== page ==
Trial demonstrates that a human rights perspective to treatment for all people living
with HIV is now necessary
12 Jun 2015 - As the World Health Organisation (WHO) gathers to discuss the 2015
guidelines for antiretroviral medicines, the Global Network of People Living with HIV (GNP+) hails
the results of the START (Strategic Timing of AntiRetroviral Treatment) trial, which has indicated that
a new epoch for approaches to HIV treatment has dawned  . .
“The results show unequivocally that universal access to treatment for all people living with HIV at
diagnosis who want it, regardless of their CD4 count, is a right to health. There is no ethical reason
now not to make treatment accessible to all,” said Suzette Moses-Burton, Executive Director of GNP+.
Just as existing treatment targets are based around the seminal results of the HPTN 052 study, which
led to a public health Treatment as Prevention approach, the START trial highlights the health benefits
of early treatment for all people living with HIV. GNP+ calls on global health officials to heed the
message of the trial as the WHO 2015 antiretroviral guidelines development group convenes and
debates what the new guidelines should include.
“As target-setting debates around the post-2015 Sustainable Development Goals continue, the community
of people living with HIV shouldn't collude in austerity arguments of resource allocation, and public
health arguments about prioritising some people over others. To make the end of AIDS a reality we
need treatment to be accessible and affordable for all those who need and choose to start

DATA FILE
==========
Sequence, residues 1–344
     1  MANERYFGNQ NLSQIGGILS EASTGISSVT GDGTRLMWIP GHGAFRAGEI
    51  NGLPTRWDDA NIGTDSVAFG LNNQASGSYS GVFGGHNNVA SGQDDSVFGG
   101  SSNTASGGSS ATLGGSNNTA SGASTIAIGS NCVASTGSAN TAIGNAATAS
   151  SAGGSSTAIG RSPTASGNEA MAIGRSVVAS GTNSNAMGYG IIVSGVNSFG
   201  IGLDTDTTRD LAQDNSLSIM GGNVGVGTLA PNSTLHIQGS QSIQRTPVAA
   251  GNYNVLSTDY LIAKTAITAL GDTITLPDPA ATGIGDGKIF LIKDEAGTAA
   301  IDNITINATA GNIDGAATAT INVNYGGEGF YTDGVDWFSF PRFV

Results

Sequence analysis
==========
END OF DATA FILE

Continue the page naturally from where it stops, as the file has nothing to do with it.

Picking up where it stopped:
treatment,” said Suzette Moses-Burton.
However, the availability of treatment comes with some caveats. It is crucial that treatment is of
the best quality, accessible and available, that some of the root causes of interrupted treatment
such as drug stock outs are tackled, and that freedom to choose when to take treatment remains
a core value. Finally, we need to dispel existing fears that treatment is for those who are
already sick by increasing the treatment literacy amongst communities. People living with
HIV should understand that high quality treatment is less toxic than HIV, and that it
is never too early to start treatment from a health point of view.
Edwin J. Bernard, Co-ordinator of the HIV Justice Network, points out that treatment for all will only
be effective in the context of tackling a range of other issues for people living with HIV: “If we
don't also take action on reducing stigma for people living with HIV and decriminalisation of
populations living with HIV, particularly men who have sex with men, sex workers and people
who use drugs, then the full rights of people living with HIV, as articulated in
the Positive Health, Dignity and Prevention Framework, will never be realized.”
Source: The Global Network of People living with HIV (GNP+)
The Global Network of People living with HIV (GNP+)
The Global Network of People Living With HIV (GNP+) is the global network for and by people living with HIV. Its mission is to improve the quality of life of people living with HIV. The vision is a powerful and united worldwide social movement of people living with HIV, with their leadership and voices at the centre of the HIV response. GNP+'s objective is equitable access to health and social services for people living with HIV by focusing on social justice, rights and involvement. This will be achieved through GNP's purpose, which is to promote the greater and more meaningful involvement of people living with HIV in programme and policy development (the GIPA principle). For more information, please visit www.gnpplus.net. You can also connect with us on Facebook and Twitter.
"Reproduced with permission - Global Network of People living with HIV (GNP+)"
Global Network of People living with HIV (GNP+)
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